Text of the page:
Onthologíes: Categorising and labeling objects Representation as graph: • Terms as nodes • Edges as rules • Transitivity rule • Parent and child nodes Bard and Rhee, Nature Gen. Rev. , 2004 Onthology: restricted vocabulary with structuríng rules describing relationship between terms

Gene Onthology Consists of three independent onthologies: • molecular function e. g. enzyme • biological process e. g. signal transduction • cellular component Gene sets / clusters can easily be analysed based on gene onthology terms

Mapping of gene expression to chromosomal location Significance analysis of chromosomal location of differential gene expression (SW 620 vs SW 480) The p-value for finding at least k from a total of s significant differentially expressed genes within a cytoband window is where g is the total number of genes with cytoband location and n the total number of genes within the cytoband window.

Relating number of gene copies and gene expression I Pollack et al. , PNAS, 2001 • Study of chromosomal abnormalities in breast cancer • usage of genomic DNA and c. DNA arrays • hotspots of increased number of gene copies

Relating number of gene copies and gene expression II Correlation of gene copy number and transcriptional levéls detected

Correlation of m. RNA and protein abundance Ideker et al, Science, 2001 • Study of yeast galactose-utilisation pathway • Use of microarrays, quantative proteomics and databases of protein interactions • Dissection of transcriptional and posttranslational control New genes and interactions in GAL pathway were found Av. Correlation of 0. 63 between transcript and protein levels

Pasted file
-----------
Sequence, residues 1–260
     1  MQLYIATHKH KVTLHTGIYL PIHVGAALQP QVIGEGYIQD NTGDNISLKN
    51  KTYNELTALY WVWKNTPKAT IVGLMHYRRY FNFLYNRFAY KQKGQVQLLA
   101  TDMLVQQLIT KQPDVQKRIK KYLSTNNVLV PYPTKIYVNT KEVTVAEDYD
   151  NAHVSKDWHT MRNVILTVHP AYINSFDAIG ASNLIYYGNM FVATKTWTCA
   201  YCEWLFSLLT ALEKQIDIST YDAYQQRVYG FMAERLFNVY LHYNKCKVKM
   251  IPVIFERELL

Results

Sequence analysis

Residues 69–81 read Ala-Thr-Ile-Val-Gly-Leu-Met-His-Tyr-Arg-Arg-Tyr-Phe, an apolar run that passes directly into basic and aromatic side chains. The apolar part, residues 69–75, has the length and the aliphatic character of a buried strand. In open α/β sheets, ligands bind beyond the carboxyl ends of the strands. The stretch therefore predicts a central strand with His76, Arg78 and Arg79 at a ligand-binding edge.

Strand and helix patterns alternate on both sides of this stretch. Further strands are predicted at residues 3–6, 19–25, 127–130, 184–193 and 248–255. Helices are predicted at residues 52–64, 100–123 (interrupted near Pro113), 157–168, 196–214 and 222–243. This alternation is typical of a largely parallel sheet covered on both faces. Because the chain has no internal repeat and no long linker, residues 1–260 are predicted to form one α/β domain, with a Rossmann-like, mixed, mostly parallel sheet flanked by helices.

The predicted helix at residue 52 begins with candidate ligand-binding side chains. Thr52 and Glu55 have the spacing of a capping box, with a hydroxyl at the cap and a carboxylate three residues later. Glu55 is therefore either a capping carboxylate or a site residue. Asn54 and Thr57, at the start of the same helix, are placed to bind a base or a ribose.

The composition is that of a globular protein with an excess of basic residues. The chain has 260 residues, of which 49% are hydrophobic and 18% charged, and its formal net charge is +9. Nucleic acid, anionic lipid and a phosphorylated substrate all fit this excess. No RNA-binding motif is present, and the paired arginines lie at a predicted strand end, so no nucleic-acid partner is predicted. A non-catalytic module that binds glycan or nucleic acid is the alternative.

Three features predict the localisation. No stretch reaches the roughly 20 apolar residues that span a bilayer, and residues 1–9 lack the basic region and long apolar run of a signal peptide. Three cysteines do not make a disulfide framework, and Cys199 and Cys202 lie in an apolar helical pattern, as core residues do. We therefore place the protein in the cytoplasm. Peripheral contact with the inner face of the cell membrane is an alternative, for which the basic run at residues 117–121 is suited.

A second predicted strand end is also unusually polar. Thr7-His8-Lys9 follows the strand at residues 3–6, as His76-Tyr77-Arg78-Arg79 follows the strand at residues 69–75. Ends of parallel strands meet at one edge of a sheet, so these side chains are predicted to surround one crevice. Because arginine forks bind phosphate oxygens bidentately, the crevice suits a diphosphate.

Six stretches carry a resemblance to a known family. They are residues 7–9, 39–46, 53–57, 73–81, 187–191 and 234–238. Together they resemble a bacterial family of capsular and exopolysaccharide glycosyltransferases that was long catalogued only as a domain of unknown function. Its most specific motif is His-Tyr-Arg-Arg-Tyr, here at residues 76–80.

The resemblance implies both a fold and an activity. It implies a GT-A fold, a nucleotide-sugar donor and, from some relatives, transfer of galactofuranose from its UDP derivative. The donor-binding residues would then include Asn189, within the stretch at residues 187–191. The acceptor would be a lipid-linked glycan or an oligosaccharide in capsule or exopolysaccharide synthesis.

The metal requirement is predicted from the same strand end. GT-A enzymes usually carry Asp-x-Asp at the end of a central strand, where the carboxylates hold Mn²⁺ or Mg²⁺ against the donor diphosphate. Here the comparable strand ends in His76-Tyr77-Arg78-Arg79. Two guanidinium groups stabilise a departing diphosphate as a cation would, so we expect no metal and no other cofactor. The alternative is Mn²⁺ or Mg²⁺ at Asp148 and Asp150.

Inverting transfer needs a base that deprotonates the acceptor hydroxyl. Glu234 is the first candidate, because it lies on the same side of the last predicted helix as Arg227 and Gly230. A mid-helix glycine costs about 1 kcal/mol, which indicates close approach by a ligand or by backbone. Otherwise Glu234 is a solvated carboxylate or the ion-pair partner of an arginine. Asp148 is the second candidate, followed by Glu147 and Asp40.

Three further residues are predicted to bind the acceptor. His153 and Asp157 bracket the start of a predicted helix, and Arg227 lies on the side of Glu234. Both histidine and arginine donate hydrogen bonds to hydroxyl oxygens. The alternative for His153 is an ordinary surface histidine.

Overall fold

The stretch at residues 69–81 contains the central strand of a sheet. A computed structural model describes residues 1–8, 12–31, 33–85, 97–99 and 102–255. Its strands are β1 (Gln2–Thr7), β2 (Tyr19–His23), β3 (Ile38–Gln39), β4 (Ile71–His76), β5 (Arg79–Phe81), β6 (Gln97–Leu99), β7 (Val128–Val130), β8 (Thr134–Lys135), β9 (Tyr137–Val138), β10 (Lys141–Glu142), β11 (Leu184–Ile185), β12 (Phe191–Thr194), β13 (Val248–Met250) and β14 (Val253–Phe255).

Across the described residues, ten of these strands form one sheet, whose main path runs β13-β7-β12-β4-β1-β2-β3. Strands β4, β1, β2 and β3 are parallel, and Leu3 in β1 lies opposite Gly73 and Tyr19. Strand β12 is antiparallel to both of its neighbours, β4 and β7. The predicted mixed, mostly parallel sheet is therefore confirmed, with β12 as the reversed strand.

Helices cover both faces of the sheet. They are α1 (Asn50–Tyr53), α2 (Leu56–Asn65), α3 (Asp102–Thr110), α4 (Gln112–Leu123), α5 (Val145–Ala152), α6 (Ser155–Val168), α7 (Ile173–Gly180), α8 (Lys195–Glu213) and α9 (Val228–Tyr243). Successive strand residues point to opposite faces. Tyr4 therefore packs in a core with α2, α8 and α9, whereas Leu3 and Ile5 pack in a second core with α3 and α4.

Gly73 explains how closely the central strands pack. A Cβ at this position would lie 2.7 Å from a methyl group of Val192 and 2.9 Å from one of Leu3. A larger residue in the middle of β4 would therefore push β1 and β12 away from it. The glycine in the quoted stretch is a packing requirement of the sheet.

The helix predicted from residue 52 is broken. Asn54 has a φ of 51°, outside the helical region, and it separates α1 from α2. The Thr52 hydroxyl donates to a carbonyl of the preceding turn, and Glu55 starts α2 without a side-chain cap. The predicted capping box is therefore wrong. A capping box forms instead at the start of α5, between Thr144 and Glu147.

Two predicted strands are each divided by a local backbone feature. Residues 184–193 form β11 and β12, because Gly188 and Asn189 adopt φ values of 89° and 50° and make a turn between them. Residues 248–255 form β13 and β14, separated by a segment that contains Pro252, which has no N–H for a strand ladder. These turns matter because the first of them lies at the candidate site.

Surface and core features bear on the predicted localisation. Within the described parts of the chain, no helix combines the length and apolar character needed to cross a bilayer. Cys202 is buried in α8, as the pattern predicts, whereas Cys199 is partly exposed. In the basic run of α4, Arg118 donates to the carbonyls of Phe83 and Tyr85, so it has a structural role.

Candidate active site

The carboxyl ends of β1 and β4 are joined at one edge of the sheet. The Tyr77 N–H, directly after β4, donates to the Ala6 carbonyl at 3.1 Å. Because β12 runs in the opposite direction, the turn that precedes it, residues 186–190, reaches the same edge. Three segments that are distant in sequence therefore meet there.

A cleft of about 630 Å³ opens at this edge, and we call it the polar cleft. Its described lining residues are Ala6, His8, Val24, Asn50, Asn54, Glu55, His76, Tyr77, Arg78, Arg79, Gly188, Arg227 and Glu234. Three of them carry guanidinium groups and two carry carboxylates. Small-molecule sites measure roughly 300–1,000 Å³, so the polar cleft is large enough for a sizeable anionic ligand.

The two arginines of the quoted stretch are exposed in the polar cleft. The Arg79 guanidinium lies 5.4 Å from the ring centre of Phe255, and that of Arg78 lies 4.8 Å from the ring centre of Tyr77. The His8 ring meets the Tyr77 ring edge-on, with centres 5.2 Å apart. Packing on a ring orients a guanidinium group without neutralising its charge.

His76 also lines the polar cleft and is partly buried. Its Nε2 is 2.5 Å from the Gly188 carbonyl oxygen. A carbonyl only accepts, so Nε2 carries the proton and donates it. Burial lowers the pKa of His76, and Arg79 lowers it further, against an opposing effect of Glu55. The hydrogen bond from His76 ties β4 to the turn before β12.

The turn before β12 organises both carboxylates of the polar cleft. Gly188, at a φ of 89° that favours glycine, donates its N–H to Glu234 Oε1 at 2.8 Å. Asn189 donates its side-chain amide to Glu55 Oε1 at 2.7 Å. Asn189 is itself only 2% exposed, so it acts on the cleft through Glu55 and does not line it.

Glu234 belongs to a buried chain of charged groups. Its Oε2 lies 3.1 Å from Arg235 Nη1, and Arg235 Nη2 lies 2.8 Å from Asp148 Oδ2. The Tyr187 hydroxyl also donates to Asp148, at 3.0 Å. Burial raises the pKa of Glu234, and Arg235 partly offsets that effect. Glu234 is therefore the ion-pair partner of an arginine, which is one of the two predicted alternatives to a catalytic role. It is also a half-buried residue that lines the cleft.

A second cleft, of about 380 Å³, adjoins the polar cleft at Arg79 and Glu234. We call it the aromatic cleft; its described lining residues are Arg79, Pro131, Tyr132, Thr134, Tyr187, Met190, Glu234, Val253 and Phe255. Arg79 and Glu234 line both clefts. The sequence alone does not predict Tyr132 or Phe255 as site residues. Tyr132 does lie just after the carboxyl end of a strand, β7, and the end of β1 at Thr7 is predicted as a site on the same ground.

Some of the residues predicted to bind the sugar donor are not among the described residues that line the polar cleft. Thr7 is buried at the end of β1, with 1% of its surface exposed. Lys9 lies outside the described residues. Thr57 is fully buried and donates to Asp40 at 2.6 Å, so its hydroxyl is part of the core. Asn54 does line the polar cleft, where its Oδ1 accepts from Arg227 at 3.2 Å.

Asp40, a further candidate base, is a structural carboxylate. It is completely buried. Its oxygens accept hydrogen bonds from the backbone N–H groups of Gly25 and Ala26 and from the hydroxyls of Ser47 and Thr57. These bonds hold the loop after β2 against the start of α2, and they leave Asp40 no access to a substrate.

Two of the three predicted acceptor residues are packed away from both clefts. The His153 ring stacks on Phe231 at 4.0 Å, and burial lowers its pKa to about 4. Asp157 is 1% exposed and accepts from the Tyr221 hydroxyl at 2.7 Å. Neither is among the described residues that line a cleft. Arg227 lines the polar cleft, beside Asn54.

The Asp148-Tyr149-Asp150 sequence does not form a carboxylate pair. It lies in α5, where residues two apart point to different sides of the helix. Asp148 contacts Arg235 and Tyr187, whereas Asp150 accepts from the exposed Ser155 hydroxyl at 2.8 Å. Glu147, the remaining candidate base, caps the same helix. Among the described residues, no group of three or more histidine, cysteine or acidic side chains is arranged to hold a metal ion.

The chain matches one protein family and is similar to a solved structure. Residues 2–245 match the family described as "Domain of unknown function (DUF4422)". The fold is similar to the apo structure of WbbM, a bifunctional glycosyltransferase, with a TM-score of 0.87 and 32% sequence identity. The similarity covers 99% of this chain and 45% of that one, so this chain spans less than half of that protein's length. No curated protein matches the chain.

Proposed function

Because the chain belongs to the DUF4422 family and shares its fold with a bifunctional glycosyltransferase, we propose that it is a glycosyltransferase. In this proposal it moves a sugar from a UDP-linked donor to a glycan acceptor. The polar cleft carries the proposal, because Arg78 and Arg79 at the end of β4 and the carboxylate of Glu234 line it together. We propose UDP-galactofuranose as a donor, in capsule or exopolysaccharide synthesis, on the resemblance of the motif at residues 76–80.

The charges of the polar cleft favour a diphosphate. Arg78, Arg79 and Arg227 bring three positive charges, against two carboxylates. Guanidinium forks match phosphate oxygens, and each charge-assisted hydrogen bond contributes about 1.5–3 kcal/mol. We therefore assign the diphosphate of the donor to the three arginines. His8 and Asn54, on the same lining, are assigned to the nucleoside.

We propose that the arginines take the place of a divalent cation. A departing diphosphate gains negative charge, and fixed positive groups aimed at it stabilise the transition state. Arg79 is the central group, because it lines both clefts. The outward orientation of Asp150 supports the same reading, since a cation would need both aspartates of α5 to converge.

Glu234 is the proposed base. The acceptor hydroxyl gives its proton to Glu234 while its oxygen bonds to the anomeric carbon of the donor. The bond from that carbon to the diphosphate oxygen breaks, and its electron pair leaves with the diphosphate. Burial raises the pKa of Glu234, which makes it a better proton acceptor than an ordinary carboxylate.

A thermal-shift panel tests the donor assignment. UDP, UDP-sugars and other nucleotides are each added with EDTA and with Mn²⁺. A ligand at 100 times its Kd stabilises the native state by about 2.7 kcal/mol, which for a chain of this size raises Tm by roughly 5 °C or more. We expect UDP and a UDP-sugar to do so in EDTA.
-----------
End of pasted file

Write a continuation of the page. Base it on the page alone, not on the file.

Genome, Transcriptome and Translatome Greenbaum et al, Genome Research, 2001 • Interrelating geneome, transcriptome and translatome • Similar compostion based on functional categories of translatome and transcriptome • Differing composition of genome

Linking expression to drug effectiveness Relevance networks: Butte et al, PNAS, 2000 • Correlation between growth • • inhibition by drugs and gene expression for NCI 60 cell lines Gene expression based on Affymetrix chips (7245 genes) 5000 anticancer agents Significance testing based on randomisation Significant link between LCP 1 and NSC 624044

Combinining gene expression data with clinical parameters Diffuse large B-cell Lymphoma (DLBCL) • Most common lymphoid malignancy in adults • Treatment by multi-agent chemotherapy • In case of a relapse: bone marrow transplantation • Clinical course of DLBCL is widely variable: Only 40% of treatments successful => Accurate outcome prediction is crucial for stratifying patients for intensified therapy

Case study: DLBCL Current prognostic model: International Prediction Index (IPI) Alternative: Microarray-based prediction of treatment outcome DLBCL study by Shipp et al. (Nature Medicine, 2002, 8(1): 68 -74) • expression profiles of 58 patients using Hu 6800 Affymetrix chips (corresponding to ca. 6800 genes) • Prediction accuracy of outcome using leave-one-out procedure: Knn: 70. 7%; WV: 75. 9%; SVM: 77. 6%